In what was a dramatic race throughout, the next 'moment' came as Alonso homed in on the ailing Hamilton, as the two old foes disputed the final podium position. Despite his rear wing not working, the Spaniard was still clearly the faster of the pair, and he was soon all over the back of the McLaren – but then he got just a touch too
close, as he misjudged the distance between himself and his rival heading towards Turn Four and caught the back of Hamilton's right rear tyre with his front wing.
That left Alonso needing to pit for a new nosecone and Hamilton – for the second grand prix in succession – with a damaged floor on his MP4-26, and with Heidfeld, Massa and the charging Webber, who with seven laps remaining was all over the Brazilian ahead of him and, with newer tyres, visibly with more grip at his disposal than the Ferrari ahead of him.
The following lap, the Aussie bravely forced his way around the outside of Massa through Turn One, securing the inside line for Turn Two and gutsily toughing it out to steal fifth and set his sights on Heidfeld ahead. The Renault returnee, however, was fully focussed himself on chasing down the fading Hamilton in front of him, with the three drivers separated by less than three seconds as the tension mounted.
With five laps left to run, Heidfeld got a superb run on Hamilton and forced his way cleanly and aggressively down the inside into Turn One, keeping it tight on the exit to complete a textbook manoeuvre. Any welcome breathing space the German had, though, was swiftly negated when Hamilton went wide and Webber needed no second invitation to nip past. The McLaren pitted shortly afterwards for his fourth stop of the afternoon, rejoining in-between Petrov and Kobayashi in eighth place.
The Russian would not go much further, however, as he went off through Turn Eight and attempted to rejoin the circuit at unabated speed – an unadvisable move, it would transpire, as the Renault bounced over the grass and flew briefly into the air, leaving its driver with a broken steering column as Petrov managed to bring it to a halt against a marker board on the other side of the track.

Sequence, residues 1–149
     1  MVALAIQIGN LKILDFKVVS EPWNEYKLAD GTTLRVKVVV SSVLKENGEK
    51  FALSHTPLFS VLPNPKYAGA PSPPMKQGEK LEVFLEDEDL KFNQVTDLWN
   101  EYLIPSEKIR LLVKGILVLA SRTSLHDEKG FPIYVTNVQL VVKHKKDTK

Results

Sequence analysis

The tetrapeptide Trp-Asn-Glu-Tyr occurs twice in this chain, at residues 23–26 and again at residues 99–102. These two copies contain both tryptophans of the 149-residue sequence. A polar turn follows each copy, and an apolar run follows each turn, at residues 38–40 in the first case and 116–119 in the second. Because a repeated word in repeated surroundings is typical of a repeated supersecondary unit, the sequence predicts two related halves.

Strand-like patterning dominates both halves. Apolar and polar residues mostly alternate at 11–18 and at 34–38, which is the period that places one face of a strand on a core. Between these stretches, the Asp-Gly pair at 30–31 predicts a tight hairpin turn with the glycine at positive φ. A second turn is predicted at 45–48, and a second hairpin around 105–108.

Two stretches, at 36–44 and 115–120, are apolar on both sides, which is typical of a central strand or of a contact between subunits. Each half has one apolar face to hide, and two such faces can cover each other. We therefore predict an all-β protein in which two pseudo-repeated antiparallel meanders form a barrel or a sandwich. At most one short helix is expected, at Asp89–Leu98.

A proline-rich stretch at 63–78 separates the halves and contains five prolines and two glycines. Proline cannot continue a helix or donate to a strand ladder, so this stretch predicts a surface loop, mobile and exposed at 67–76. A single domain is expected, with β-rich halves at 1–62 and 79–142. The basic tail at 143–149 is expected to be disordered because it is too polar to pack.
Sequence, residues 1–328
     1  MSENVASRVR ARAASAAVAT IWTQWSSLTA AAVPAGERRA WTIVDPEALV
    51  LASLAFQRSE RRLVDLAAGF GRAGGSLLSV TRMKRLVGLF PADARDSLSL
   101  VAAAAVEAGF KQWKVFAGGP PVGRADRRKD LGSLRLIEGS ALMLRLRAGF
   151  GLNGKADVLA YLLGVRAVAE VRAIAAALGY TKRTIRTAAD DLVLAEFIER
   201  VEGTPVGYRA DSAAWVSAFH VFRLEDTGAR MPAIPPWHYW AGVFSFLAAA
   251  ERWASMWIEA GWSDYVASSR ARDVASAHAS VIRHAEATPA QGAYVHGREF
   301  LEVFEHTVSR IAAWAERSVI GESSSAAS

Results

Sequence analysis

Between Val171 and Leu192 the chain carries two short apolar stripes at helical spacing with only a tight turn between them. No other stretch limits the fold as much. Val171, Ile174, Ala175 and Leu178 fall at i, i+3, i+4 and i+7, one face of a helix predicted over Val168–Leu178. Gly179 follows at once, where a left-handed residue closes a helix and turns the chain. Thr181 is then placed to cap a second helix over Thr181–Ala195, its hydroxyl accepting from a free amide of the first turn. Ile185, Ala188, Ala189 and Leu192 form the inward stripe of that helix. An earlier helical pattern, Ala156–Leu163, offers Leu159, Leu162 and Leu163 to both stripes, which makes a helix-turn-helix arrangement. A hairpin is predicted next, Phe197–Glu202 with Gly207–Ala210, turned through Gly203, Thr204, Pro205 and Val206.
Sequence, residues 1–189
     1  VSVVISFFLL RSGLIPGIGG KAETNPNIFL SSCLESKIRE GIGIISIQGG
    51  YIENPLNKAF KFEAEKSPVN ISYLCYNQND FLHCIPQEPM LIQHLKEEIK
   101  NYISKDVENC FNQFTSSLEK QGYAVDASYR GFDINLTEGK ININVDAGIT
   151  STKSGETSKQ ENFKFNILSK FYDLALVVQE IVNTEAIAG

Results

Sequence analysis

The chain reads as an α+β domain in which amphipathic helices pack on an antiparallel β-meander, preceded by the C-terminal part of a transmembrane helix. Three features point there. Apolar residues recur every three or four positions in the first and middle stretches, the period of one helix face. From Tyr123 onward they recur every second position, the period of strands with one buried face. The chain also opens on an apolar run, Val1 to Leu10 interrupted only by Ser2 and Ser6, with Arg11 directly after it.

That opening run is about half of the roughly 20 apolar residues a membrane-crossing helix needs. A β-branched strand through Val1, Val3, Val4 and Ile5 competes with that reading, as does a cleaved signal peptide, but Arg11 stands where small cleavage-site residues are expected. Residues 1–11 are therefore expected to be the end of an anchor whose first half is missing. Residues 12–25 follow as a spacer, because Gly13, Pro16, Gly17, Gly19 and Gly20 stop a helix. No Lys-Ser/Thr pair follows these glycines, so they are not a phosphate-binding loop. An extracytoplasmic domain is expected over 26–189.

With Button dovetailing careful tyre-management with trying to keep the pressure on Vettel at the front, all eyes turned to the scrap over third, as Webber closed inexorably in on Heidfeld, taking full advantage of tyres with more life in them. A lock-up for the Renault on the penultimate lap looked as though it may provide the Red Bull star with his opportunity, but Heidfeld recovered himself and when Webber went too deep into Turn Nine on the final lap, the positions were effectively set.
Almost unnoticed against the backdrop of the fierce fight in his wake, Vettel coasted his way around the last lap to claim his 12th grand prix victory and preserve a peerless record in F1 2011 to-date, and the defending world champion will carry a 24-point advantage in the title standings to round three in China next weekend.
Having expertly coped with the lack of KERS and turned up the wick on his adversaries just when he needed to, the German weaved across the finish line in celebration of his success, with Button taking the chequered flag just over three seconds behind in the end for an excellent second place.
Heidfeld hung on grittily to take his first podium finish in F1 since the same race two years ago – a superb result for a driver who only a matter of weeks ago, didn't even have a seat this season and looked to have reached the end of the line in the sport – with Webber crowning an impressive fightback with fourth and Massa leading Alonso nose-to-tail across the line in fifth and sixth, although the Brazilian would park his car on the slowing-down lap after running out-of-fuel.
The delayed Hamilton, Kobayashi, Schumacher and di Resta rounded out the top ten – the Scot scoring points for the second successive grand prix, and this time entirely on merit, and outperforming his far more experienced team-mate Adrian Sutil, who ended up eleventh – whilst Rosberg, Buemi, Alguersuari, Heikki Kovalainen and Timo Glock were the final finishers.
But the final word should go to the race-winner, who ebulliently declared to his team on his victorious slowing-down lap: “In the heat, we kept our heads cool – I'm loving it!”
To see the race results in full, click here